In conclusion, the reception of The Flowers of War has evoked both divergent and convergent attitudes among the public. The film's depiction of the Nanjing Massacre and its historical background has triggered strong emotions and discussions among viewers. Different viewpoints range from an appreciation for its revelation of historical events to criticisms of its portrayals and historical accuracy. The film's release timing, along with China's socio-political and historical background, have influenced the public's reception and interpretation, resulting in a diverse range of opinions.

Scholarly Literature Review

1. Exploring the complex portrayal of Chinese Heroism vs. The White Saviour

Jin Yang's interpretation of the film The Flowers of War focuses on the ideological maneuvering and complexities present in the narrative. Yang notes that the film attempts to cater to both Chinese and international audiences by incorporating elements such as a multinational production crew and the casting of a Hollywood star (Christian Bale)[5].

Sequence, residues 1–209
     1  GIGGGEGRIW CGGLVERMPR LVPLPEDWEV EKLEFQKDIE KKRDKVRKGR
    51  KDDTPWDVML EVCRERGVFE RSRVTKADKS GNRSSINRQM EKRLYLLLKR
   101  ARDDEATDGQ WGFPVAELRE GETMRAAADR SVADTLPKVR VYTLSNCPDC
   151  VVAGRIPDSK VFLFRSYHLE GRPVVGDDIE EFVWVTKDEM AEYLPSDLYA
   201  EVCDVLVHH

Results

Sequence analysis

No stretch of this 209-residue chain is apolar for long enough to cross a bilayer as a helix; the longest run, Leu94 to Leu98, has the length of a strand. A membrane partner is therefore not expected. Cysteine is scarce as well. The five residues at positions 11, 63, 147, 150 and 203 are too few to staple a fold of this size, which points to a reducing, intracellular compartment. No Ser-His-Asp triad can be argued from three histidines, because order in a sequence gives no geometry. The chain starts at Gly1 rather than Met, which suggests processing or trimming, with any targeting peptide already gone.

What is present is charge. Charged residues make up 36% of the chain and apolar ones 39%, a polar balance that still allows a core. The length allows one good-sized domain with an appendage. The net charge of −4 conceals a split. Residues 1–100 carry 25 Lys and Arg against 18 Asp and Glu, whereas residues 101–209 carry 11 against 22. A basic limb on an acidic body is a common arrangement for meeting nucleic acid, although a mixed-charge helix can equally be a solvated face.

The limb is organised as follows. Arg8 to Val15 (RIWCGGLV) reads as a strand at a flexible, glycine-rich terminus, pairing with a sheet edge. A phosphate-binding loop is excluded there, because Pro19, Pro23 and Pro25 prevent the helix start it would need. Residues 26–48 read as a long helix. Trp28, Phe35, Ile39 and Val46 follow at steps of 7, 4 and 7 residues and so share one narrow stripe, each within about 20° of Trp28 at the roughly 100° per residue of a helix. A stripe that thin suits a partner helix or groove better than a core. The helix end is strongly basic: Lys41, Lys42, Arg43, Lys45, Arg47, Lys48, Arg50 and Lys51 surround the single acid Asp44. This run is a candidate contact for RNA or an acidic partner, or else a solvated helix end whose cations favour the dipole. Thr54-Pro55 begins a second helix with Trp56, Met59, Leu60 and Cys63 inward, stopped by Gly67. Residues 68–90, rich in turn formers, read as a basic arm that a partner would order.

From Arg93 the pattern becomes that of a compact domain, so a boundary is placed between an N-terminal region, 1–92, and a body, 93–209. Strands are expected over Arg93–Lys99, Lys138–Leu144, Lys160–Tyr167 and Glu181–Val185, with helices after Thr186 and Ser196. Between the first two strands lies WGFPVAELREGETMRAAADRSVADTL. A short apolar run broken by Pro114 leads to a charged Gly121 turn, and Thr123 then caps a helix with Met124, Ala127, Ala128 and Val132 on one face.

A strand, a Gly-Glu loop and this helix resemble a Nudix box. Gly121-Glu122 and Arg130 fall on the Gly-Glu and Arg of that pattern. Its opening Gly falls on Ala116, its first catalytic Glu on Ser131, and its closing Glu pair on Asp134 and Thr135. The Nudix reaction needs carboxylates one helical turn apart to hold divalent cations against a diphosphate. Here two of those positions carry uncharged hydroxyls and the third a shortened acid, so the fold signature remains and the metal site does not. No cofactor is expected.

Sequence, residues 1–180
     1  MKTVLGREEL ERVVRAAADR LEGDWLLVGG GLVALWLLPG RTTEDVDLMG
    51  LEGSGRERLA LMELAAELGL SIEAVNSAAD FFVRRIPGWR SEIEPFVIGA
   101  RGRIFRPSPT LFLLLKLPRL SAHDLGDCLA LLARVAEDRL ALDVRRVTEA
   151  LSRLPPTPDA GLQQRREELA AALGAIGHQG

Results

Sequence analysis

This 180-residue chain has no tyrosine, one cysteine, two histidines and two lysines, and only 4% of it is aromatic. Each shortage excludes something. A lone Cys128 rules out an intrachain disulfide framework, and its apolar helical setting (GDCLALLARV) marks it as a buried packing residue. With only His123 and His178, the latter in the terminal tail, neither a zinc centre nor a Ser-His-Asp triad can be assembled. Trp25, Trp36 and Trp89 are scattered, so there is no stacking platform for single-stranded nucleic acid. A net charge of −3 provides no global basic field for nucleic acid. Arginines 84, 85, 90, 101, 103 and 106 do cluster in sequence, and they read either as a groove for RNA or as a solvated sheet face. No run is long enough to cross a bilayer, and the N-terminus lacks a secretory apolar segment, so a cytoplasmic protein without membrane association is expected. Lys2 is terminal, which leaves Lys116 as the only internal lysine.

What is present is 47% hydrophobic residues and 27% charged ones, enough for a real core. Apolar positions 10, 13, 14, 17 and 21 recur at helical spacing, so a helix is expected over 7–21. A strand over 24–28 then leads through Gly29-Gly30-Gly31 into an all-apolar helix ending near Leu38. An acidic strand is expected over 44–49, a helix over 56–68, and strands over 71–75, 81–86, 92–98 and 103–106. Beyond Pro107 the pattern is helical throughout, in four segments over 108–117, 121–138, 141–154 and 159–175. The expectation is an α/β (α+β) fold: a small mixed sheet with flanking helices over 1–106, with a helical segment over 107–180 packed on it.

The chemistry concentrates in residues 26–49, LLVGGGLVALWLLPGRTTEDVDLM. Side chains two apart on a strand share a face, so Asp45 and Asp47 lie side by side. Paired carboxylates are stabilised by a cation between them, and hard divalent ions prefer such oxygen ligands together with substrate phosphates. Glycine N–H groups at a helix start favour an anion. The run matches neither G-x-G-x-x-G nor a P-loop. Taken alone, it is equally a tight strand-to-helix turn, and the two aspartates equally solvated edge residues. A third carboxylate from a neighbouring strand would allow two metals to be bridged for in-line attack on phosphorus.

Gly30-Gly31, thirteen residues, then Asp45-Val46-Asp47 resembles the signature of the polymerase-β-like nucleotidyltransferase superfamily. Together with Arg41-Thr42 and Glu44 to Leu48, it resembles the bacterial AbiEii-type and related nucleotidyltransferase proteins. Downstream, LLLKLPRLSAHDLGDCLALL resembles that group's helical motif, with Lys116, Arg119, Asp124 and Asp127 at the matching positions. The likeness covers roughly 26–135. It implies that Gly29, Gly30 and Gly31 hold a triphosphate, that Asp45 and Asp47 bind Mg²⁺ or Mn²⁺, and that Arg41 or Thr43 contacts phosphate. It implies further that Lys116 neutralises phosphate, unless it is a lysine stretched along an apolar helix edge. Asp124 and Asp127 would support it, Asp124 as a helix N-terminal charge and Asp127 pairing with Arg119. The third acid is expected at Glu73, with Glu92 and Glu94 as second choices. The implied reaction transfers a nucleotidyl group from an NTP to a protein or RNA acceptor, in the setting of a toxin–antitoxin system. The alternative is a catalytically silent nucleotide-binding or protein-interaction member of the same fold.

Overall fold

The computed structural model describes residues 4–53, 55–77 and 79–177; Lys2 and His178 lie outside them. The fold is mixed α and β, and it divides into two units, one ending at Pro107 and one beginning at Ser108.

Yumo's tearful reaction

Additionally, Yang also highlights the challenges faced when adopting the white saviour narrative from Hollywood into Chinese cinema[5]. Yang notes that while the film depicts the empowerment of Chinese women, the transformation of the prostitutes from objects of desire to heroic figures raises questions about the film's representation of Chinese women and its potential pandering to Western desires for the exotic[5]. For example in one specific scene John promises to take Yumo home after the war, and she tearfully pleads for him to take her home now.